Americans over 65 were excluded from half of all US clinical trials of drugs and all trials for vaccines – including those for COVID-19 – from October of last year until June 1, 2020, new research reveals.
People over 65 are the most likely to develop severe COVID-19 and die of the devastating viral infection.
Yet they have been systematically left behind 50 percent of the time as scientists tried experimental therapies in trials of drugs for any condition, including those for coronavirus, like remdesivir, which might have saved the lives of thousands of older Americans.
Older people were left out of 100 percent despite the fact that they will likely be the first Americans to receive a shot once one is FDA-approved – far ahead of the young people vaccines were tested in.
In ordinary circumstances, older people face higher risks of complications if they are enrolled in trials of experimental drugs and vaccines, so they may be excluded.
But in the unprecedented scenario of the COVID-19 pandemic, researchers at University of Massachusetts and the Icahn School of Medicine at Mount Sinai worry that the risks of giving older people treatments and shots with unknown effects may outweigh those of testing them in clinical settings.
Older Americans are excluded from half of US drug trials and effectively 100% of vaccine trials, according to new research – raising concerns over safety testing of COVID-19 treatments and shots in the population that needs them most (file)
‘To be sure, some exclusions are needed to protect the health and safety of older adults – such as poorly controlled comorbidities,’ said senior study author Dr Sharon Inouye, director of the Brain Aging Center at Hebrew SeniorLife, at the University of Massachusetts.
‘However, many [exclusions] are not well-justified, and appear to be more for expediency or convenience of the trialists.’
People over 65 account for just nine percent of the global population, but more than 80 percent of COVID-19 deaths thus far have been people in this older age group.
Although the first case of coronavirus in the US was not identified until late January 2020, the researchers looked at 847 trials registered to ClinicalTrials.gov from October 1, 2019 until June 1, 2020.
Of the trials, 23 percent had age cut-offs. The trials primarily cited concerns that older enrollees would not comply with treatment of vaccine regimens. Others wrote they believed it would be too difficult to get informed consent from older participants.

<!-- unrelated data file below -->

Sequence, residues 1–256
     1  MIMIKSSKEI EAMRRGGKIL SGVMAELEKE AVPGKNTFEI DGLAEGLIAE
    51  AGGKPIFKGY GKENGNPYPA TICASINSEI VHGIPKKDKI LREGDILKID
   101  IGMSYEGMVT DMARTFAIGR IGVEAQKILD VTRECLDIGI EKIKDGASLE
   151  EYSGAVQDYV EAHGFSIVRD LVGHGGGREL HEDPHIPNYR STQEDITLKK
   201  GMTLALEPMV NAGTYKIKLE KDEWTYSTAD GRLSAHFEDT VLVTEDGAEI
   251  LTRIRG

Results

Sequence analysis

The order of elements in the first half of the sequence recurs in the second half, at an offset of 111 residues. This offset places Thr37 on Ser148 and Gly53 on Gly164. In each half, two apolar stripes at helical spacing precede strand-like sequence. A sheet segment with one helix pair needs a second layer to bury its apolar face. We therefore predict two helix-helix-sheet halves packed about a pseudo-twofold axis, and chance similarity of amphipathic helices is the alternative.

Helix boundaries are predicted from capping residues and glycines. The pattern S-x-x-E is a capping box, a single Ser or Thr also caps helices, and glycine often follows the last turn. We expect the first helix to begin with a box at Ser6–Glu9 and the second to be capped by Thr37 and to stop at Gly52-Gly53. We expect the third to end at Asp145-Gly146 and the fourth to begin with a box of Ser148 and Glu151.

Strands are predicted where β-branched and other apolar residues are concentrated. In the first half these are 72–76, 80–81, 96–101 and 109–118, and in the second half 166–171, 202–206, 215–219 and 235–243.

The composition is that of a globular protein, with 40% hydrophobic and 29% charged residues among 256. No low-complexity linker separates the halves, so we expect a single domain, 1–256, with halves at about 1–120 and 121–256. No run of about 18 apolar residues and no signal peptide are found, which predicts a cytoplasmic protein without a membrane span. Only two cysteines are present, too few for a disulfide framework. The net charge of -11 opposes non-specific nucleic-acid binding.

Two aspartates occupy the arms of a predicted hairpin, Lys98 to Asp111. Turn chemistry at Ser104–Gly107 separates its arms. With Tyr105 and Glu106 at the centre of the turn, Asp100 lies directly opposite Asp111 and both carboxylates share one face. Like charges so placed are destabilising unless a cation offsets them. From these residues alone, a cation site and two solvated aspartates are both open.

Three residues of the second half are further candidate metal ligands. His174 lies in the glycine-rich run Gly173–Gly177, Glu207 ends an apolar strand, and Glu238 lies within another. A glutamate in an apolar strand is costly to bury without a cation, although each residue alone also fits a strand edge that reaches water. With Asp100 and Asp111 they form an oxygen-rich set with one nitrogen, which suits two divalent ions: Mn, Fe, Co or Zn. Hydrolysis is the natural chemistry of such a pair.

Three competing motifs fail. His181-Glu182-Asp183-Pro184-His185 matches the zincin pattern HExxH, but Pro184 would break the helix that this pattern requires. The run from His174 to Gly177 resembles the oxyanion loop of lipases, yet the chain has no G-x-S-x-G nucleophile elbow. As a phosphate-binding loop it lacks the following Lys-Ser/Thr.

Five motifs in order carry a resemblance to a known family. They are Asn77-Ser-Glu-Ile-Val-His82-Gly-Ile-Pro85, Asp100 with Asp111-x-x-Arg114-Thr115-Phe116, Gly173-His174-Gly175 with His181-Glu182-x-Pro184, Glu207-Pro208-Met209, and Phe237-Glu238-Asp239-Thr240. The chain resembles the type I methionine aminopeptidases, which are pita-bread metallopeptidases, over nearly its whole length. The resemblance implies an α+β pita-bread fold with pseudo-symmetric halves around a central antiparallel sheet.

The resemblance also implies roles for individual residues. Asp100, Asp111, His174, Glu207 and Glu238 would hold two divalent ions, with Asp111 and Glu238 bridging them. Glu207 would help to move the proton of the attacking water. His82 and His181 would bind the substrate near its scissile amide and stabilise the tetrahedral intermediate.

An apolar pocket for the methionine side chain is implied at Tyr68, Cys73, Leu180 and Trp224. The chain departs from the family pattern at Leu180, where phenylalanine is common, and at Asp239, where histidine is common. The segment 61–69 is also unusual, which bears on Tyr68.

The researchers then combined the number of studies that explicitly excluded older Americans and those that had other exclusions likely to make the inaccessible to older adults.
In total, 53 percent of all drug trials were likely to have very low or no enrollment of adults over 65.
And 100 percent of vaccine trials were estimated to exclude older adults.
As a consequence of the time period, most trials included in the study were not for COVID-19 drugs and vaccines specifically.
But, ‘our concern is more than theoretical,’ the study authors wrote.
‘Even without stated age-based exclusions, several recently published clinical trials of COVID-19 treatments had young age ranges, such as one recent study with a median age of only 40 years, meaning there would be no or few participants over age 75.
‘If the older age group is excluded from vaccine trials, efforts to ensure effectiveness, titrate dosage or frequency, and assess adverse effects in the group most vulnerable to COVID-19 will not be possible.’
The study does not dig deeper on the outcomes of those trials, or accuse any of the researchers of excluding older people from their studies to pad the results.
But, historically, older people fare more poorly than young ones against diseases, and have more side effects – outcomes that could skew data from clinical trials negatively.
It’s worth noting that Moderna and Pfizer’s COVID-19 vaccine trials have arms specifically for testing their shots in older adults. Johnson & Johnson’s is open to anyone over 18.
Still, the University of Massachusetts and the Icahn School of Medicine researchers are worried that won’t be true for treatments, or perhaps other vaccines, based on the data on past trials.
‘We are concerned that the exclusion of older adults from clinical trials will systematically limit our ability to evaluate the efficacy, dosage, and adverse effects of COVID-19 treatments in this population,’ Dr Inouye said.